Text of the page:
From the late ‘90s through the 2000s, one of the most popular ways in which people engaged with the internet was through GeoCities. GeoCities was a web-hosting service, meaning that it allowed its users to create websites on their platform without the need for an advanced knowledge of programming. Its rise to popularity can be attributed to the fact that it was one of the first of its kind to offer website creation to the general public, and that it was done so free of charge. What made GeoCities stand out from its competitors, however, was that it gave its websites “street addresses”, with a series of websites making up a “block”, which were further grouped into “suburbs”, making up “neighborhoods”, based on the content being covered by the creator of the website. For example, the creator of a website dedicated to their favorite movies would list their website under the neighborhood “Hollywood”, in the “Film” suburb. Despite the closure of GeoCities in 2009, the large collective effort of the internet to archive its database has allowed us to see what these GeoCities looked like, as well as who the website creators themselves were. Although it is hard to imagine due to the vast endlessness of the internet that exists today, these GeoCities represented the majority of the people who were online at the turn of the millennium. Thus, by studying the many GeoCities available to us via the archives, we are able to get a glimpse into the kind of people who were creating or sharing content on the internet at the time.
I will be looking at a webpage called Jon’s World in the CollegePark neighborhood. Notably, this website was not designated a suburb, but the creator of the website, who will be referred to here as Jon, was a community leader of the CollegePark neighborhood up until February 1999 but not from October 1999 onwards. CollegePark was a neighborhood that was made for all websites that were related to college: there were websites about applying to college, accounts of college experiences, or websites made by and about college students themselves like Jon’s World.
Upon exploring Jon’s World, it is clear to see that Jon created it to tell the world who he is. After signing the guestbook and leaving your mark on the site, which was common practice in the early days of the internet, you can embark on the journey that is Jon’s World by clicking on its link as shown in the above image. This first takes you to a page about the Monon Bell, a historic part of the college Jon was attending at the time, the Wabash College in Indiana. Then, you are given the opportunity to do what many students dreamed of at the time, to pull down the fire alarm. Doing so takes you to Jon’s personal page, which includes his email, a picture of him, as well as a brief description of who he is. At the time of making the website, Jon was a nineteen-year-old junior chemistry major at Wabash College in Indiana. Given the brief and concise nature of the website, it appears that Jon’s intentions with it were to have a platform that described who he was. Furthermore, the fact that he was a community leader for the CollegePark neighborhood makes me believe that he primarily wanted to use GeoCities to engage with other college students, and that having his own site made it convenient for other members to know who he was, without him having to introduce himself every time he met someone. Because Jon wanted to consume or engage with the content on CollegePark, it drove him towards producing his own website, which in turn created more consumption through those who visited his world. Although Jon put in the effort to learn HTML to be able to create his site, his interest in the internet didn’t develop into more than a means to reach others; Jon is now a practicing physician.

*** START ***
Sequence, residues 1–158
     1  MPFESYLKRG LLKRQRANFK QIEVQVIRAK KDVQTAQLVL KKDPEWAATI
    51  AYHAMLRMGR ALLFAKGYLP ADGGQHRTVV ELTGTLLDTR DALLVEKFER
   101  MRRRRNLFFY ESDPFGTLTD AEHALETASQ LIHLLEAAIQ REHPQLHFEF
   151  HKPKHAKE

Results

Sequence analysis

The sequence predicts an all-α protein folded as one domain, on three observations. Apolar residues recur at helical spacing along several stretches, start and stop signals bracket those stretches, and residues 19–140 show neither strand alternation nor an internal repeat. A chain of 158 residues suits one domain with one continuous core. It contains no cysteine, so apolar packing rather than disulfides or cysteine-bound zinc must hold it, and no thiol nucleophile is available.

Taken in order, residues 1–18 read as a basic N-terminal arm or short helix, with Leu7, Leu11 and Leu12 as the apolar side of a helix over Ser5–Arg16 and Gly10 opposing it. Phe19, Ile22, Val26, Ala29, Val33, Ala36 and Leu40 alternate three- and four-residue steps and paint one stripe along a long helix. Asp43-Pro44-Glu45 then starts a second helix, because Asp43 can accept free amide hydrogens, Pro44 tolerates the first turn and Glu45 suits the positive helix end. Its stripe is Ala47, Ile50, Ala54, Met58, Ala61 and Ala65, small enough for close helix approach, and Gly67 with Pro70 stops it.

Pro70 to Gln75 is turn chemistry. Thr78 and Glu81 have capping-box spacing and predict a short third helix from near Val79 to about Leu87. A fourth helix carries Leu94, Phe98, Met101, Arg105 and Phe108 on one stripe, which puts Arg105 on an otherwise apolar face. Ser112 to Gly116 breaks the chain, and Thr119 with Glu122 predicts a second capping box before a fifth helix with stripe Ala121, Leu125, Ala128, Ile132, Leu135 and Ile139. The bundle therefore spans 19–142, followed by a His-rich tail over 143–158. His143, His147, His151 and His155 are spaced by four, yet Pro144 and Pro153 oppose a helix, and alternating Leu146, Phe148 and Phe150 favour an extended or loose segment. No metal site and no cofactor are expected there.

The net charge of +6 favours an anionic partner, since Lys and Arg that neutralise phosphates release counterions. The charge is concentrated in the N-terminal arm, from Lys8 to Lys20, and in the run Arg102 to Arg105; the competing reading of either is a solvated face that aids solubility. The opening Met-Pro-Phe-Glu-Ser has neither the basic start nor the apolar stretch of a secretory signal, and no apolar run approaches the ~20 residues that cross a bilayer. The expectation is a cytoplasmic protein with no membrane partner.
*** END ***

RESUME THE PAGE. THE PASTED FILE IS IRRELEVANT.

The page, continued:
Jon being a chemistry major interested me; I expected creators during the early days of the internet to be those who already had a foot in the door of technology, such as computer engineers or video game developers. However, website creators across the entirety of GeoCities stem from people who study and/or work in the arts and sciences (film, biology, philosophy, etc.). A plausible explanation for this may be that the public perception of the internet twenty years ago was not that it was some science (as it is now with the field of computer science), but more of a platform for expression, exploration, and opportunity. Moreover, despite the fact that users from the BBS era paved the way for the internet, few of them were active on GeoCities in the early 2000s. Rather, it was the younger community that made up the majority of the producers, just as how the younger community primarily propelled BBSs into popularity in the ‘80s. This furthers the idea that the internet, or any new online platform that allows the public to create content, for that matter, is scarcely viewed as a tool for monetary gain or expanded reach during its early stages, meaning that it attracts those who want to use it for the sake of learning something new or exciting. The producers on GeoCities used it as a platform for expression and engaging with others. Indeed, only when GeoCities became one of the most popular sites on the web, that had capitalized on their popularity through ad monetization, did Yahoo take notice and purchase it.